In January 2020, I spoke at the 2020 QRCA Conference in Austin, Texas. The name of my talk was “UX Research Is Not a Synonym for Usability Testing.”
The inspiration for my talk actually came to me immediately while attending the 2019 conference… Sometimes when I introduced myself as a UX researcher to another qualitative researcher, I heard, “I do usability testing, too!” Hhm?
Continue reading “Takeaways from My 2020 QRCA Conference Talk: UX Research Is Not a Synonym for Usability Testing”
Designing for the “average” user? Turns out, there’s no such thing. The average user doesn’t exist.
When building your online surveys, user personas, empathy maps, customer journey maps, user requirement documentation, prototypes, and products—consider ways to be inclusive and accessible to all users.
Nail polish isn’t just for girls and women; some men wear nail polish. Not all bald people are men; some women shave their heads or lose their hair.
Call out stereotypes and biases whenever you find them. Be empowered to speak up and advocate for all users.
Continue reading “Designing for Inclusion & Accessibility: The Giant List of Use Cases”
If you haven’t guessed by now, I love making lists.
And as a maximizer, I’m always looking for new ways to grow as a researcher and strategist—whether it’s new research methods or techniques, reasons to invest in UX, or ways to communicate my research findings.
Are you looking for ways to deliver research insights more effectively to stakeholders or the design team? Do you find report writing to be too slow or too redundant? Or do you need a deliverable that the entire design team can collaborate on together?
Continue reading “28 UX Research Deliverables”
What’s a hypothesis map? How is it different from a customer journey map?
A hypothesis map is based on internal stakeholders’ input and assumptions. A customer journey map is based on customer research.
Continue reading “UX Word of the Day: Hypothesis Map”
Want to understand what the user experience is really like from the perspective of a customer? The data collected from web/app analytics, CES, VOC text analytics, video analytics, and session replays can show us where customer problems lie, but they don’t tell us why.
To inform your design decisions with deep, in-context insights, there are 5 different research methods you can use—depending on your research goal.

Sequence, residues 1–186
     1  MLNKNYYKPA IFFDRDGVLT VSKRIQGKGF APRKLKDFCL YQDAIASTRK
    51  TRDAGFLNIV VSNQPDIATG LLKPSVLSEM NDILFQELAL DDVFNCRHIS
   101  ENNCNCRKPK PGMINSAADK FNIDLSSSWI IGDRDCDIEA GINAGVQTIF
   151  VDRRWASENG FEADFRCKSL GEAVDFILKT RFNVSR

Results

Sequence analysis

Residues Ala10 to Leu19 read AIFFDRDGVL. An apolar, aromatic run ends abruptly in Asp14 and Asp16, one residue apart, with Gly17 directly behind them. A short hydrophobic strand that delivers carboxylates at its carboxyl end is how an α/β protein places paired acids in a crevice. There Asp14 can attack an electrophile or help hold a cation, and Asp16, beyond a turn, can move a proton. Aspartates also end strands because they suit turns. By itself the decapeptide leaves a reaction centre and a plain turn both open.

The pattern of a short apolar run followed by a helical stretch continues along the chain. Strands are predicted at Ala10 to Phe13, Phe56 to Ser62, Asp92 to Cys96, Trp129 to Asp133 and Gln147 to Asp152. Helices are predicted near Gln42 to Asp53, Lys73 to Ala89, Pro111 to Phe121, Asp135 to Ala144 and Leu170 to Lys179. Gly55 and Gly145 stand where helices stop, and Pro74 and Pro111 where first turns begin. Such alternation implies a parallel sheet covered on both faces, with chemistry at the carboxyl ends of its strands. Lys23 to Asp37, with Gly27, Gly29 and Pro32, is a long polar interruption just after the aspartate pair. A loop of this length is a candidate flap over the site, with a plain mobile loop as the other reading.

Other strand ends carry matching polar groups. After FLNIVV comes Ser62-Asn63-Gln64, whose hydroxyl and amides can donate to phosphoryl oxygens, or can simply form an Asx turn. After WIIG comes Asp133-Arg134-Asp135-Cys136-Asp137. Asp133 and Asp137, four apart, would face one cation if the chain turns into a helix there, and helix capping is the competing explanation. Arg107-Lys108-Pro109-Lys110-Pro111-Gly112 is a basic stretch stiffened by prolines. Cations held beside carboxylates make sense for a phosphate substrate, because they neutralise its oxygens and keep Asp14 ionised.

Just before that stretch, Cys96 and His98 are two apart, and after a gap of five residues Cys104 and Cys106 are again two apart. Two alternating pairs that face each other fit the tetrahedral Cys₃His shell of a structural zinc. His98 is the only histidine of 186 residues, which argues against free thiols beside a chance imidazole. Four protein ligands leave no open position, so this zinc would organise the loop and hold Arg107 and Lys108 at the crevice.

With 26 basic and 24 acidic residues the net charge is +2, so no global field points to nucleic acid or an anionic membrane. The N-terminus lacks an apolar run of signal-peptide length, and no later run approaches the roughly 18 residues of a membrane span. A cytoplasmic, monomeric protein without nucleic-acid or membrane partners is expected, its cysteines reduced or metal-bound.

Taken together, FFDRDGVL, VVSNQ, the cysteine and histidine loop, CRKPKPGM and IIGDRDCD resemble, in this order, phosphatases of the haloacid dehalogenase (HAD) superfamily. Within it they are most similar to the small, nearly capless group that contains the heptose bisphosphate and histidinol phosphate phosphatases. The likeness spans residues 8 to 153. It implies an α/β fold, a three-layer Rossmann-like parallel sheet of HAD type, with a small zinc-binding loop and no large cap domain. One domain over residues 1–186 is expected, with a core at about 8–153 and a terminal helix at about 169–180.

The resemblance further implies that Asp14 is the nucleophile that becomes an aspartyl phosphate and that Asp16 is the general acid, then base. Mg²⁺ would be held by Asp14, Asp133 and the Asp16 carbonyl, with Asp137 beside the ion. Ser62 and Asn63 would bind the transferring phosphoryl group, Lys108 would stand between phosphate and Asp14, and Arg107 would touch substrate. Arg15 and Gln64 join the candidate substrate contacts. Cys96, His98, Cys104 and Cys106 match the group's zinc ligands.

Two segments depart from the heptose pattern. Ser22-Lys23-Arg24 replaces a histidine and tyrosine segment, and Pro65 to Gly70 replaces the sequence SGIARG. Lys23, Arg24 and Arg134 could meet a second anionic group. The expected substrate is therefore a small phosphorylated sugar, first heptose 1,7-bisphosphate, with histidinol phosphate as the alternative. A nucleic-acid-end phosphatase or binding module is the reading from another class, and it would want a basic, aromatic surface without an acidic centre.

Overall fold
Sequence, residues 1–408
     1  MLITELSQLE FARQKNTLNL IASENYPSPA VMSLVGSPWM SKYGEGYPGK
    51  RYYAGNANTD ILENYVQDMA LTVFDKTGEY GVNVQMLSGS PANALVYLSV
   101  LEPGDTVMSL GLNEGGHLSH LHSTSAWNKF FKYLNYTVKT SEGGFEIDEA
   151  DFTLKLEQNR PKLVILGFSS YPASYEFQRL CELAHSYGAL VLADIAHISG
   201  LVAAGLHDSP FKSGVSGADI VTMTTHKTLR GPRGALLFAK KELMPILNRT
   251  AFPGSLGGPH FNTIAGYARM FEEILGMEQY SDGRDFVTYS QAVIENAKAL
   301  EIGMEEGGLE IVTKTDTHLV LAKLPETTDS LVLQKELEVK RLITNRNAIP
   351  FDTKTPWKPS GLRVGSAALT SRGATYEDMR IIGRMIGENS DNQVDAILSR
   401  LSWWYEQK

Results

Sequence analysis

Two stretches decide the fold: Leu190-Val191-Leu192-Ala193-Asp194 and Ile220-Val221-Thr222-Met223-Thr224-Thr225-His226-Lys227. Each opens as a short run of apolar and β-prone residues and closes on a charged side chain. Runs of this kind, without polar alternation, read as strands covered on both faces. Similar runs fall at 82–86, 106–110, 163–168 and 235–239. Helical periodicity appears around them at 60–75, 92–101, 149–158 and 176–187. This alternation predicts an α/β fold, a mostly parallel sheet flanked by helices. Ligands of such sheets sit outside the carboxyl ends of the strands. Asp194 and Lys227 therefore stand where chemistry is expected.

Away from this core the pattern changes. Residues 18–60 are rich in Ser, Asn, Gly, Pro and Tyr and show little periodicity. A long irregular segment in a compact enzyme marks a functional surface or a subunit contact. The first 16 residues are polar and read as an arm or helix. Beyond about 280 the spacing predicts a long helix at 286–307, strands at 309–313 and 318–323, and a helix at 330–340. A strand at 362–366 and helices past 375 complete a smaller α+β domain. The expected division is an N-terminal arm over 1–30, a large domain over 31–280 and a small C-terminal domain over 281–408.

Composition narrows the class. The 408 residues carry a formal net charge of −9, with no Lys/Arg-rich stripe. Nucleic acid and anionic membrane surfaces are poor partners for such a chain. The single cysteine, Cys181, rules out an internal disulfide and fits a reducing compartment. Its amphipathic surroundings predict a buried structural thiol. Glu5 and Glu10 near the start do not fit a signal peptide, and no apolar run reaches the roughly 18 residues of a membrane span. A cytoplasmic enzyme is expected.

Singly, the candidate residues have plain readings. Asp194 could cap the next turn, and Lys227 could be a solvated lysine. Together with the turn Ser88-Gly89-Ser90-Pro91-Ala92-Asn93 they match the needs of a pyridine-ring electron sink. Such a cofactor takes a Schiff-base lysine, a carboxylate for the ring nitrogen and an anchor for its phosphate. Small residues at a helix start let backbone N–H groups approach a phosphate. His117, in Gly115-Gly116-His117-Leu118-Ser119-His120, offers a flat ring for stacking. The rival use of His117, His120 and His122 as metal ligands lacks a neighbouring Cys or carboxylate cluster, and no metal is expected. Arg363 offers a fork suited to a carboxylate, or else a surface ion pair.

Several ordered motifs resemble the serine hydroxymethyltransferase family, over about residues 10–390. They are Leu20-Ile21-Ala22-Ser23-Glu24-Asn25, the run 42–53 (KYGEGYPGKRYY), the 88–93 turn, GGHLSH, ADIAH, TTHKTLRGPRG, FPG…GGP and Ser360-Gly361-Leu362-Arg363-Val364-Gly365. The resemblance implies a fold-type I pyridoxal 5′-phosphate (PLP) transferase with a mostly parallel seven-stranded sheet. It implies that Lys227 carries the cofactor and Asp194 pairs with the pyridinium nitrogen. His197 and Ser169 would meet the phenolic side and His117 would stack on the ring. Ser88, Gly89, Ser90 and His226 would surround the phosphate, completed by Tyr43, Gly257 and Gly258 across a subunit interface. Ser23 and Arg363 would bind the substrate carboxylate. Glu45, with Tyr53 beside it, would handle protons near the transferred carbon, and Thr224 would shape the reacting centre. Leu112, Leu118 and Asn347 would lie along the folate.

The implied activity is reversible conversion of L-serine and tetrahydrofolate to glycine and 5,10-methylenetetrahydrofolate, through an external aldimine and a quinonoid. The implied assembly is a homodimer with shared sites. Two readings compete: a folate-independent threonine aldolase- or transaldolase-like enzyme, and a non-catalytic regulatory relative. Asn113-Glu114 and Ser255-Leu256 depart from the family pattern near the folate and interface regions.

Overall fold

Continue reading “Gain a Bird’s Eye View of the User Experience”
Surprise! Not all UX research methods include users. There are other ways to inspect or understand the user experience without observing or talking to people.
Supplement your user research with the following.
Continue reading “Non-User Research Methods to Add to Your UX Research Toolbox”
Earlier in my UX career, I used to dislike sketching on a whiteboard with a group of colleagues. I preferred working alone, making everything pixel-perfect on my screen and having complete and total control over my deliverable.
I didn’t like the messiness or seemingly slower pace when working with others on the same deliverable—plus, ideas no longer felt like mine.
Then I learned to let go.
Continue reading “Strategies to Bring More Collaboration into Your Everyday Work”
During a recent vacation at Universal Studios Orlando (which is actually 2 separate parks), I thought I had a mental model of how public lockers work.
Universal Studios broke my mental model. Twice.
Continue reading “UX Word of the Day: Mental Model”
If you’ve ever been inside the Minneapolis skyway—the human-size hamster tunnel—you immediately understand the critical need for clear wayfinding.
The skyway system is notoriously confusing. Each building owns their branch of the skyway system—so signage is terribly inconsistent or non-existent.
Continue reading “UX Word of the Day: Wayfinding”
I love introducing the concept of “information scent” to non-UX designers. They almost always find the concept fun to say and empowering.
Once non-designers understand the definition of information scent—the ability to use design and copy to pull users deeper into an experience—concerns about “the fold” and “number of clicks” quickly fade away.
Continue reading “UX Word of the Day: Scroll Stopper”